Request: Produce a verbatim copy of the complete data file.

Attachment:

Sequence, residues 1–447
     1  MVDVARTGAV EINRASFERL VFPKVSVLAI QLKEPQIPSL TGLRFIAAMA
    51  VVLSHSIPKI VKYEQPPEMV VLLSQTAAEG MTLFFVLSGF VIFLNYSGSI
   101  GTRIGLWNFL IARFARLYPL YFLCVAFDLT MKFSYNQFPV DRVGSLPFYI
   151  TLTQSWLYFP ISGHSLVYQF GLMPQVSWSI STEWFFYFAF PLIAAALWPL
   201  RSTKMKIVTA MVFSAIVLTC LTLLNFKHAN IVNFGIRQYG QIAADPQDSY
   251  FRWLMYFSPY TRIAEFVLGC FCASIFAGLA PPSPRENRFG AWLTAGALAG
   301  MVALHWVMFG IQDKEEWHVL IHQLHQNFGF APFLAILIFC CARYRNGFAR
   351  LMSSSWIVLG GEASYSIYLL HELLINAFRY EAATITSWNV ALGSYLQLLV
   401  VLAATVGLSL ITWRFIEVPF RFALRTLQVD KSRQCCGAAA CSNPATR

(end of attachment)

Sequence, residues 1–447
     1  MVDVARTGAV EINRASFERL VFPKVSVLAI QLKEPQIPSL TGLRFIAAMA
    51  VVLSHSIPKI VKYEQPPEMV VLLSQTAAEG MTLFFVLSGF VIFLNYSGSI
   101  GTRIGLWNFL IARFARLYPL YFLCVAFDLT MKFSYNQFPV DRVGSLPFYI
   151  TLTQSWLYFP ISGHSLVYQF GLMPQVSWSI STEWFFYFAF PLIAAALWPL
   201  RSTKMKIVTA MVFSAIVLTC LTLLNFKHAN IVNFGIRQYG QIAADPQDSY
   251  FRWLMYFSPY TRIAEFVLGC FCASIFAGLA PPSPRENRFG AWLTAGALAG
   301  MVALHWVMFG IQDKEEWHVL IHQLHQNFGF APFLAILIFC CARYRNGFAR
   351  LMSSSWIVLG GEASYSIYLL HELLINAFRY EAATITSWNV ALGSYLQLLV
   401  VLAATVGLSL ITWRFIEVPF RFALRTLQVD KSRQCCGAAA CSNPATR